to places where the machinery and people we required could be found. Communities, villages, towns and whole cities grew up around the Physical Workplace. In the last two centuries, these working environments have been transformed from the brutal, harsh workhouses chronicled so vividly by Charles Dickens,3 to the only slightly less painful factories and dreary, monotone offices of the last century, to the hip, funky spaces which house modern workers today – awash with cafés, internal malls, play rooms and airy, comfortable meeting spaces. Since we needed to be physically located somewhere in order to achieve a day’s work, employers gradually became smart enough to realize that making the Physical Workplace attractive and a pleasant place to be in would produce a better, more effective workforce. But the journey which began with that phone call in 1876 has been relentless, albeit slow for the most part due to the paucity of ‘game-changing’ technical innovation. While the physical spaces of work have been evolving before our eyes, the ‘non-physical spaces’ have also been shifting, but without this being fully recognized because the impact has been only modest in the past 100 years. However, in the last 20 years, and particularly the last five years and specifically the last two years, the progress has accelerated wildly, bewilderingly, as a ‘perfect storm’ of technological innovation, universal access, cheap (almost zero) costs has erupted around us. It is as if the 100 years and more of pedestrian

introduction 3


If we could actually see the current digital work world encircling us, it would leave us breathless, given its reach, depth and moving parts; it would be not just a new continent but a new planet (only digital).

4 introduction

growth has exploded with a volcanic force, shifting and rupturing everything we touch as we work. We tend to notice what we can see with our eyes. But The Digital Workplace – this world that merges work and technology – is invisible for the most part and definitely can’t be grasped physically like a chair or a desk or a pen. If we could actually see the current digital work world encircling us, it would leave us breathless, given its reach, depth and moving parts; it would be not just a new continent but a new planet (only digital). Predicting futures is always imprecise but what we can say for sure is that the trajectory of Physical Workplaces will continue to be interesting but unremarkable. Yes, offices, factories and retail outlets will be redesigned to suit new conditions, but the changes will not be transformational because each physical place will become less and less central to work itself. What will be transformational will be the new geography of work: the Digital Workplaces where we will spend more and more time, working in entirely new ways, with richer, more immersive tools. This new digital working world is always there, always on. Whether we are in our traditional or newly repurposed offices, or wherever else we happen to be working; at home, in the garden, in a co-working space, a café, on a train, in the park, in a car… My focus in this book is on the digital in the workplace as we start to navigate a new, as yet unexplored, world of work. At the moment we are still taking our first baby steps in the Digital Workplace but in the coming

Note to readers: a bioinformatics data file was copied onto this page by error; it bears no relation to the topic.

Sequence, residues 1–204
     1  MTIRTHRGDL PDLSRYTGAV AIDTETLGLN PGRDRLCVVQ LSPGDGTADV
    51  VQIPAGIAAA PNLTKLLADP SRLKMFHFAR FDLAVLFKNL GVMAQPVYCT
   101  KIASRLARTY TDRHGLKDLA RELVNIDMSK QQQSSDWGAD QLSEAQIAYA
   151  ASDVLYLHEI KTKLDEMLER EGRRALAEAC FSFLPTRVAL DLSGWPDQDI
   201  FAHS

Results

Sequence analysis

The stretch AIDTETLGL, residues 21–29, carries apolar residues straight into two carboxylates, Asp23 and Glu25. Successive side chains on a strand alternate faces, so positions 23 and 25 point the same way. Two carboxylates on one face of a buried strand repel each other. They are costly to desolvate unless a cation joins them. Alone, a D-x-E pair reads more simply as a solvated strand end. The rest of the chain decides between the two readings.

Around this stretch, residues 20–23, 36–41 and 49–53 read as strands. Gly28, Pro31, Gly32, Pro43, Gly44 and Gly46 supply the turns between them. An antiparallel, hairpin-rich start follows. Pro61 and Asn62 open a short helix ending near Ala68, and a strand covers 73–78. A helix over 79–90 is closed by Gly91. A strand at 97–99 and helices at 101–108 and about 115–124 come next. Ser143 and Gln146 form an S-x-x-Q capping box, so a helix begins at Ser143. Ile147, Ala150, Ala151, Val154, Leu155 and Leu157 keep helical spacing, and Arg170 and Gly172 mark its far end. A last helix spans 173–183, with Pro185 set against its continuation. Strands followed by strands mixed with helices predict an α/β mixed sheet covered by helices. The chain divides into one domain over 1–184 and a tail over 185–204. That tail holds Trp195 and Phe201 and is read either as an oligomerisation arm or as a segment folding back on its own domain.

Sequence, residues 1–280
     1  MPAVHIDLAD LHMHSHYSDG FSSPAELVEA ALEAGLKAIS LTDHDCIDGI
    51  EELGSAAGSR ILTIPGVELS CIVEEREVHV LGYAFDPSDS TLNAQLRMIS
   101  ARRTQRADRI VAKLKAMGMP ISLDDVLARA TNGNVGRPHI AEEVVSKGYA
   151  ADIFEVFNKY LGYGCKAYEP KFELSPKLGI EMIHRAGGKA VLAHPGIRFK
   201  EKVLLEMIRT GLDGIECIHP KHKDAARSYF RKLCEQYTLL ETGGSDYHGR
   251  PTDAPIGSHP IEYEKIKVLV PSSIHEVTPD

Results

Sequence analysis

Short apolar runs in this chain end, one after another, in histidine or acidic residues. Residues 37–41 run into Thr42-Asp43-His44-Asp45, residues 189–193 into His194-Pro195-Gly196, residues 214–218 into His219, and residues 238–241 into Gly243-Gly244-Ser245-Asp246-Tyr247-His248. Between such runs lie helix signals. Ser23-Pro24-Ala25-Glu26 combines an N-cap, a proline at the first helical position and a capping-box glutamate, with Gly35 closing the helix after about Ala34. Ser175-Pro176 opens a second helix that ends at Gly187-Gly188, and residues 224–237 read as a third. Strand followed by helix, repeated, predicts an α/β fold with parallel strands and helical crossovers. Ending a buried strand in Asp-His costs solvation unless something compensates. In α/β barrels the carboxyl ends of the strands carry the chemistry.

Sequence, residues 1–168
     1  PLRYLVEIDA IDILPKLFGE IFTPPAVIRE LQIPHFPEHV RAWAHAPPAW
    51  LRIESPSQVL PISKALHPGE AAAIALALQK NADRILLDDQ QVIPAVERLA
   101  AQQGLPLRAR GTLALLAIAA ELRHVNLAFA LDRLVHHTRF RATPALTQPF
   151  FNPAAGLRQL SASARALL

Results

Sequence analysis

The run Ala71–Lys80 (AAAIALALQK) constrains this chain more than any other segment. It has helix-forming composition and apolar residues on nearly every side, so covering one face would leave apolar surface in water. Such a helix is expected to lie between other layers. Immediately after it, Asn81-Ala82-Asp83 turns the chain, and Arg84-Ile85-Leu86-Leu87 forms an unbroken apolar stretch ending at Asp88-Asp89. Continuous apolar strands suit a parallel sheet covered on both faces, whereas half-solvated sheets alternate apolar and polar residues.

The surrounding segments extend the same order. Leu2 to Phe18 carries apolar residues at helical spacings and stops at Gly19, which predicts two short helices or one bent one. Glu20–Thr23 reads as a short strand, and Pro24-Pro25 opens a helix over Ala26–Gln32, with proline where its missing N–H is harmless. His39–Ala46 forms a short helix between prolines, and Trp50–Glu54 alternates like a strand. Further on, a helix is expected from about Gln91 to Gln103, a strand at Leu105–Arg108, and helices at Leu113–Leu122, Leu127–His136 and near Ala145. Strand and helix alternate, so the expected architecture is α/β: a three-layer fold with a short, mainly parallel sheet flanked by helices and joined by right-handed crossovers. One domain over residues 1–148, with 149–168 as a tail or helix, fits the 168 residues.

years and decades ahead we will get to know this new terrain very well. We will need to influence the map so that this new world of work suits us and supports us. We will develop new skills, behaviour and language as we fly across time zones and regions and between people. It will be deeply challenging and yet very exhilarating. As I have found through my 30-year working life in various incarnations of the Digital Workplace, an unexpected and yet beautiful aspect of the digital working world is that, while Physical Workplaces restrict, almost imprison, the workforce, the Digital Workplace has the opposite effect. It liberates us.

introduction 5


Paul Miller eloquently describes how the 21st century “ workplace is being transformed by the digitisation of our world.

This is an insightful look at how the technological advances driving the digital age are already visibly changing the workplace and where those new capabilities might lead us.

David Smith, Chief Innovation and Technology Officer, Fujitsu

Embedded in this book is a possible blueprint for a paradigm shift “ in the digital relationship between a company and its employees, where the focus is on individual output, based on trust and freedom in terms of encouraging virtual work locations and flexible working-hours. David Coates, Head of Knowledge Exchange, Technology Strategy Board

provides a glimpse of the changes ahead and signposts “somePaulofMiller the key themes in this new ‘world of work’. The book is useful to anyone rethinking their approach to how to organise work and technology either at a personal or organisational levels. John Baptista, Associate Professor, Warwick Business School

The Digital Workplace  

The Digital Workplace introduction